Chapters 4 and 5 focus on the efficiency of our delivery system. The authors argue that the American health system does not achieve maximum value from its allocated resources because of "our peculiar mix of open-ended pluralistic financing" (p. 108) and the lack of planning and effective regulation. Most of our nation's healthcare leaders would also disagree with the authors' conclusion that "micro incentives [managed care] have yet to demonstrate the ability to control cost, making allocative efficiency unlikely" (p. 112). These arguments could be more compelling if Aday et al. had considered that the French, German, and Japanese multipayer systems set global budgetary targets on hospital and physician services (with the latter group being paid on a fee-for-service basis) and spend a considerably smaller portion of their gross domestic product for healthcare than the single-payer Canadian system.
Chapters 6 and 7 respond affirmatively to the perennial question of whether equity of access implies a right to medical care; and then summarize "the evidence on the extent to which the goal of equity of access to medical care has been achieved" (p. 17). Their discussions on how universal health insurance might contribute to further equity of access are well balanced, but the three health reform options proposed have limited value today, since they require — at a minimum — employer mandates for full-time employees. Aday and colleagues carefully analyze and document the effects of employer mandates, but it is unlikely that this option will gain much attention in Washington, DC. Welfare reform has taken center stage and President Clinton is not likely to sign any measures beyond minor health insurance reform before the 1996 election.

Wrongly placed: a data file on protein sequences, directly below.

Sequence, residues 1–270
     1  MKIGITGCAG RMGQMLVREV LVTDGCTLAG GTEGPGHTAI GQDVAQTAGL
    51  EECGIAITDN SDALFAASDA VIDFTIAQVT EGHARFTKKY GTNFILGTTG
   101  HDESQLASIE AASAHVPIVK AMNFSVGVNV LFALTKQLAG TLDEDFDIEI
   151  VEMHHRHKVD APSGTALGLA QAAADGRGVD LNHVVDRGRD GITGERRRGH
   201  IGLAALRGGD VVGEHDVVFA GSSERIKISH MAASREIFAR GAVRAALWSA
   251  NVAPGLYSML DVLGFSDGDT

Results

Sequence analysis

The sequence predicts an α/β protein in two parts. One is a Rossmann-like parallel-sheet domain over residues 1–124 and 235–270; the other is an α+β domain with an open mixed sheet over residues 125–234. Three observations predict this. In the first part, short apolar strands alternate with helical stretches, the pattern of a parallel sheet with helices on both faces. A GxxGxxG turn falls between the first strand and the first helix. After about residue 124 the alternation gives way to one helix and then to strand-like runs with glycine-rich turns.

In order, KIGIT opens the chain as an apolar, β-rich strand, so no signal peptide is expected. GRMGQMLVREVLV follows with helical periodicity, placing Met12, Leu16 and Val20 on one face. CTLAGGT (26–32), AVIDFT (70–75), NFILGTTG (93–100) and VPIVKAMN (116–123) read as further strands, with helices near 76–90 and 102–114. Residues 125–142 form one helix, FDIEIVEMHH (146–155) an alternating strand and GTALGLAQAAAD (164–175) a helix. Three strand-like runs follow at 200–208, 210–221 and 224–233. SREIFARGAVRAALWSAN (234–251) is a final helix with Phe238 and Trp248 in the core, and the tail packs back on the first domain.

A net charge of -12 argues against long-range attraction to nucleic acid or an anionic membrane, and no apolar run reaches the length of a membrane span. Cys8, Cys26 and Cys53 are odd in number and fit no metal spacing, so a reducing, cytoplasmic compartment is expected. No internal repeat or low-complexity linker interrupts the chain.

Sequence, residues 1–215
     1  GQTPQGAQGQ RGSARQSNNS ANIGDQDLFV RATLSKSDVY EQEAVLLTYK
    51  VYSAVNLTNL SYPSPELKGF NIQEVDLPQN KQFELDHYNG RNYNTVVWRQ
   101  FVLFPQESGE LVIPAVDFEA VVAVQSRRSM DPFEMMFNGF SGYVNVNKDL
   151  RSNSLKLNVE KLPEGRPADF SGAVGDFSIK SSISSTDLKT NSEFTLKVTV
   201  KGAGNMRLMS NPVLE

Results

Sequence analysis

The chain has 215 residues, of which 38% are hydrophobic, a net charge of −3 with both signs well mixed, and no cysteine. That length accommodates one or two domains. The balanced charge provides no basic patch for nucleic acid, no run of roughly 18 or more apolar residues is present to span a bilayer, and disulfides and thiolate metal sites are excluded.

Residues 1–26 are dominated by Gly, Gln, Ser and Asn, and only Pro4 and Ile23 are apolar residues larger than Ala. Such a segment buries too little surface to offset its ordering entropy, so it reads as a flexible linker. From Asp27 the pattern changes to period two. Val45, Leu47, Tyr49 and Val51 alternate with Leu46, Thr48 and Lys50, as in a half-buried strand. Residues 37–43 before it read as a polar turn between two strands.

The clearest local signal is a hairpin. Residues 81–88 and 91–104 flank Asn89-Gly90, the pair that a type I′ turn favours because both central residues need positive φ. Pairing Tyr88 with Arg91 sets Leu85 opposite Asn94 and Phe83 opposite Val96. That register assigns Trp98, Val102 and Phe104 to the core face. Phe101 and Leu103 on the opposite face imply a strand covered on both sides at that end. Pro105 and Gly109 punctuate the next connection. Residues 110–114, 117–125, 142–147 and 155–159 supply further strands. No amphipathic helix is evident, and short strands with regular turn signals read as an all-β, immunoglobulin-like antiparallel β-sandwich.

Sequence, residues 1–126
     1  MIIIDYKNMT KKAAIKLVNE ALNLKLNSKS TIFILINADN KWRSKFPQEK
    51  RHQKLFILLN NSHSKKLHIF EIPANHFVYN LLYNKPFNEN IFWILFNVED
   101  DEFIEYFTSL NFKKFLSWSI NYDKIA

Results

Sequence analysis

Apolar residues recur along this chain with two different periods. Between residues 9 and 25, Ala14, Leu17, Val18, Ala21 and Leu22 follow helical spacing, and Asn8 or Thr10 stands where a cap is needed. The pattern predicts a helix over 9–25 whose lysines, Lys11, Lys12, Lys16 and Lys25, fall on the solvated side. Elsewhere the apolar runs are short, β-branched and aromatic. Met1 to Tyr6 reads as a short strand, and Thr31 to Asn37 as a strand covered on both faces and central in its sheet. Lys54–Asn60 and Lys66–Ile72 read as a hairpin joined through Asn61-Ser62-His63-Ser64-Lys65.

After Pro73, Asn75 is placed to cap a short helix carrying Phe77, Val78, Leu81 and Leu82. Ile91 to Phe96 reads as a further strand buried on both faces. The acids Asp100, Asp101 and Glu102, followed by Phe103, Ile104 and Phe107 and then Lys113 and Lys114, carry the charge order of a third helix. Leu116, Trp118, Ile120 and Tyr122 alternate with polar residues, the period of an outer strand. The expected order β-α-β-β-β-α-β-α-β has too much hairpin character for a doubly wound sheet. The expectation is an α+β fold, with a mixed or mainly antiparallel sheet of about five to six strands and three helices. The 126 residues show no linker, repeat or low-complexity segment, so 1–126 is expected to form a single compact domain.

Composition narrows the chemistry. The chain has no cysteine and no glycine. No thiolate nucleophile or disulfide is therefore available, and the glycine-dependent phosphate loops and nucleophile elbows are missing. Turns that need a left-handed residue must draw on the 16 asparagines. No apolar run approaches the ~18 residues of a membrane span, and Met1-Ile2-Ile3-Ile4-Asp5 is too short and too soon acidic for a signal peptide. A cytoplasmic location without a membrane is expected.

The book's final two chapters examine the relationship between health services research and policy analysis. It is valuable, at least conceptually, to use effectiveness research in any policy analysis, as proposed by Aday et al. in Chapter 8. But, as the authors admit, over the past two decades such endeavors have produced verified data for only a small number of medical conditions and procedures. When states have issued findings for cardiac catheterization and open-heart surgery, for example, these results usually have been out-of-date. In addition, providers often claim that either the data or the analysis is flawed. It seems unlikely that the medical profession and the hospitals in the United States, which have seldom lacked ingenuity in the past, will accept — without significant resistance — any additional clinical and administrative outcome controls.
Evaluating the Medical Care System is a neatly crafted, well-documented book for graduate students in social sciences or health services management and for health services researchers interested in learning how we arrived where we are today in our efforts to study the effectiveness, efficiency, and equity of our delivery system. It is less appropriate for those health services executives who seek pragmatic answers to fairly complicated operational issues within our current procompetitive healthcare environment.
Thomas P. Weil, PhD
Bedford Health Associates, Inc.
Copyright © 1995 by the Catholic Health Association of the United States